“A promoter once said, ‘If there’s a recession, book the Kinks.’ ”
Ray Davies, 63, and his brother Dave, 61, fronted the Kinks from 1964 to 1993. They’ve been at odds with each other even longer. During the mid-to-late ’90s, Ray took his songbook on the road with another guitarist, playing stripped-down Kinks songs and telling stories. Two years ago, Ray — who’d been shot in the leg by a mugger in New Orleans in January 2004 — re-emerged with the Other People’s Lives CD and toured with a band. He’s just released Working Man’s Café (both CDs are on V2), which often considers a world in disarray and decline. Ray, with a backing quartet, is at the Orpheum Sunday, and they’ll likely play half a dozen songs from the new album. I talked with him by phone from San Francisco.
There’s a rumor that the original Kinks — you, drummer Mick Avory, and bassist Pete Quaife — might get together to record and/or play live, but Dave is the holdout.
That’s about it, as far as I know. My brother’s recovering really well. [Dave suffered a stroke in June 2004.] He’s done some recording. He just doesn’t want to spend a long time in the studio or on tour. I think we’re going to have to sit down and talk about it. I know the others really want to do it. I’d like to make something new as well as play the old songs. But Dave is the stumbling block, partially because of a genuine recovering issue and secondly, his state of mind and whether he feels he’s comfortable doing it.
And, of course, there’s your relationship.
Yes. But I think at some point in life you’ve got to try and bury some of these old things. There are things you can’t put your finger on, why people get annoyed with each other. It’s like anything else to do with family, and the Kinks are a family.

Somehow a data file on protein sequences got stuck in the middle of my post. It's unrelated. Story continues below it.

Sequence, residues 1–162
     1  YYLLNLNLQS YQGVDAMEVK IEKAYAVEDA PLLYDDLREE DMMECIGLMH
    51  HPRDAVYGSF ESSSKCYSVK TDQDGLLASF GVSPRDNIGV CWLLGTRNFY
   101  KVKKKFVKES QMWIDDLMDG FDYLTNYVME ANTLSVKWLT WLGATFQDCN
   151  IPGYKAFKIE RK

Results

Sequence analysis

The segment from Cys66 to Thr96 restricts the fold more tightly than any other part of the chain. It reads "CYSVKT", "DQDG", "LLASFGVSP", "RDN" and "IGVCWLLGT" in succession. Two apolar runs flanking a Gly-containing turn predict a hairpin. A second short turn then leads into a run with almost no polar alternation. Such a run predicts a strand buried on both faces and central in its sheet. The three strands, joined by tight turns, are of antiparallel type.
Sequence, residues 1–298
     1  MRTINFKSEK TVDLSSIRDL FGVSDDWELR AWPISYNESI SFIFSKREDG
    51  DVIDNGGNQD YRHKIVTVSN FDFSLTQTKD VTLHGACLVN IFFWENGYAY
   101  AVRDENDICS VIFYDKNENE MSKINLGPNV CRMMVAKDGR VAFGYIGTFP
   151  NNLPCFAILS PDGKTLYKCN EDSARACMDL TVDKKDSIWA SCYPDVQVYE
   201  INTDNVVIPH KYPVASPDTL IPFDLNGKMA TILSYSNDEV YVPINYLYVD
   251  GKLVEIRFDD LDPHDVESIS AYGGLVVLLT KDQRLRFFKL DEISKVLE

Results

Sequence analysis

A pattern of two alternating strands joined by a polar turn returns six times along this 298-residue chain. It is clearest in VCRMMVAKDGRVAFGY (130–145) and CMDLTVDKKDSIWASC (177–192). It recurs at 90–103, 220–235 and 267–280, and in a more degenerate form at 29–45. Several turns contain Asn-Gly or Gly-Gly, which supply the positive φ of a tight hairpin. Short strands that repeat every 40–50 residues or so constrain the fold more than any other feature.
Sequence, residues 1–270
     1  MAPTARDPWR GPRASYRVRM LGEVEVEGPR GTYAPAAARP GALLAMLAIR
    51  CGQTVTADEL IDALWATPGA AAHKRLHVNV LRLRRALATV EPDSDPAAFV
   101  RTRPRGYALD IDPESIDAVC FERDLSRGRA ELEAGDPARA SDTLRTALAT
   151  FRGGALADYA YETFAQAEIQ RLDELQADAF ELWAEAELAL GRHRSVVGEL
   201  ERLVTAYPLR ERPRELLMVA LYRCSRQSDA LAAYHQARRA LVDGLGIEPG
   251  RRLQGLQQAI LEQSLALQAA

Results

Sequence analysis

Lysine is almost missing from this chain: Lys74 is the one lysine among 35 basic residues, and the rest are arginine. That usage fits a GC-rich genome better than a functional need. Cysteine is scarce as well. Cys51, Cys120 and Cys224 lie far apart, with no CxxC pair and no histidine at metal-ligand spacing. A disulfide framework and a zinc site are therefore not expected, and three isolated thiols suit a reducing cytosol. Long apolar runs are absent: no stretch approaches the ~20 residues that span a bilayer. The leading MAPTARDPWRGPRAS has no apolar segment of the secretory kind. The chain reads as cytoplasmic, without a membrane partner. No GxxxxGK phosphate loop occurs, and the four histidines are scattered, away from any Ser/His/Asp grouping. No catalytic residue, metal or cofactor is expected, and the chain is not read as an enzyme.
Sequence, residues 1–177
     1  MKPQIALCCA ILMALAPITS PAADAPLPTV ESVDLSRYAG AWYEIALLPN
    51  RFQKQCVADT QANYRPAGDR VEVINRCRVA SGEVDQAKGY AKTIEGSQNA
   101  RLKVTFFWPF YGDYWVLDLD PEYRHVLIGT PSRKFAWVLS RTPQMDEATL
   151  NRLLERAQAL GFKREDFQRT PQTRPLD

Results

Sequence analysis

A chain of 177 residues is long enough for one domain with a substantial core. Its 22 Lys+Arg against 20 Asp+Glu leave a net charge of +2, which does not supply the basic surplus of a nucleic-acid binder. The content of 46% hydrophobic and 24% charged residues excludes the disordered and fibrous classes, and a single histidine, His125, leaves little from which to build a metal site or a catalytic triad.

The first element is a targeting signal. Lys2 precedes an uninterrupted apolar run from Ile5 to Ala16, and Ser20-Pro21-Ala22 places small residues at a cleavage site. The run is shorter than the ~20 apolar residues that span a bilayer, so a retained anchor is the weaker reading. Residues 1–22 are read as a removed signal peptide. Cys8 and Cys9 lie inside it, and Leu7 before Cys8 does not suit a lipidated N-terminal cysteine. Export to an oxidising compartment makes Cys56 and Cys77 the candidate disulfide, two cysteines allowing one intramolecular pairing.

This band, how do you compare with the Kinks?
Obviously, it can’t recapture the Kinks records, but it [the music] is done with different emphasis. What is great is that new songs really have a life of their own. As players, they feel they’re bringing something new to it.
You’ve talked with me about the Kinks’ golden age of the mid-to-late ’60S and how you could never write anything like The Kinks Are The Village Green Preservation Society again. But with Working Man’s Café you may be coming back to that area.
Village Green was done when we may not have been able to come to America. And on this one, my touring band wasn’t available. I wanted to start recording it very quickly and get it done. So I phoned up [producer] Ray Kennedy in Nashville, who wanted to do the first album, and he said, “Yeah, I can make this record in a week.” I wanted a straight recording, a singer-songwriter record, no real upstaging, not too many guitar solos, and that’s basically what Village Green is.
Remember Jacques Tati, a French cinema comedian? He used to walk through situations where the buildings would fall down just as he left. He’d walk on obliviously through the world, see disasters happening all around him. Think of it that way. There is dark humor, but it’s still humor.
Last year, there was an exhibit on the brain at Boston’s Museum of Science, and there was a list of famous manic-depressive, or bipolar, people. You were on it.
Why did they put me there? I’m not. Like everybody, I get depressed from time to time, but I get depressed when I can’t do my work. I’m a frustrative-obsessive.
You told me once that the Kinks were the only band where you could be over the moon with excitement and still walk away disappointed.
I don’t think I meant it in the sense that the audience will be disappointed; it’s more from the person’s point of view going through the exercise. I equate this to a marathon runner. You train four years, deny yourself the things you should be doing — like having a life — for one event. You win and then think, “Was it worth it?’ Sometimes, it was like that with the Kinks. We’d go through a lot of ups and downs, and I’d think sometimes we could have achieved less and been just as happy. Now I’ve got this record out. I’m really proud of it, but there are things I could have done in the past 18 months that may have been more worthwhile. But the work stands. It’s there.
On Working Man’s Café, once again, you deal with hard, changing times — with globalization, and the effect on common people. Maybe your time has come again.
A promoter once said, “If there’s a recession, book the Kinks.” He said it was because we resonate more in times of economic crisis. People start to think about the real issues in their life and are less materialistic.